After six weeks of testing, the nonprofit Ocean Cleanup group has decided to use a parachute anchor system to slow down its plastic pipe-and-skirt contraption designed to collect marine litter from the Great Pacific Garbage Patch.
The new plan will allow System 001/B to achieve a consistent speed to capture plastic for eventual removal and recycling, according to an Aug. 16 website update from the Delft, Netherlands-based group.
The U-shaped system, which has been likened to an ocean rake, consists of a 525-foot-long floater pipe made of high density polyethylene and a detached polyester screen that captures plastic debris to a depth of 10 feet. The parachute anchor lets the system catch plastic and concentrates it against the screen, according to the Ocean Cleanup website.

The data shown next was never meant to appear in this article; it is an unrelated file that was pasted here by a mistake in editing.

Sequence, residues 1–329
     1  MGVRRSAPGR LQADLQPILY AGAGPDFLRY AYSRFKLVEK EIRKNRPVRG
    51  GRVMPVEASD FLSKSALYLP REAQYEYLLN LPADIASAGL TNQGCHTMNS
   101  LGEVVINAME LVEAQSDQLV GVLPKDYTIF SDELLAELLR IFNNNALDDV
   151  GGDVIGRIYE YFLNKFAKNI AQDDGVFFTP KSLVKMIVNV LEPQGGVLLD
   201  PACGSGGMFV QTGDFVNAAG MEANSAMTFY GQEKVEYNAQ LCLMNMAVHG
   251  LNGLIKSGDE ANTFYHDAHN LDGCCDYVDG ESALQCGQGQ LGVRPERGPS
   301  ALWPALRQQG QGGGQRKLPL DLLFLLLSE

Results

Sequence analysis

The group had tested speeding up the system using large inflatable buoys. But using a parachute anchor to slow down the system allows wind and waves to push the plastic into the system.
"In the slow-down configuration, we haven't witnessed a negative speed differential at all, with plastic always arriving through the front, but never drifting out of the opening again. Hence, this is the concept we'll be moving forward with," the update says.
However, the group is encountering another problem it calls "overtopping." Some plastic is crossing over to a space between the pipe and screen. Now this issue needs to be solved before plastic is effectively retained.
In the original cleanup system, the screen was attached to the floater pipe but a stress crack formed at a welding point and a section broke away after only two months in the harsh ocean environment. The contraption was redesigned by detaching the skirt and bringing it forward using a cork line, something like what is used to section off a swimming pool, to hold the screen in place and prevent it from going slack.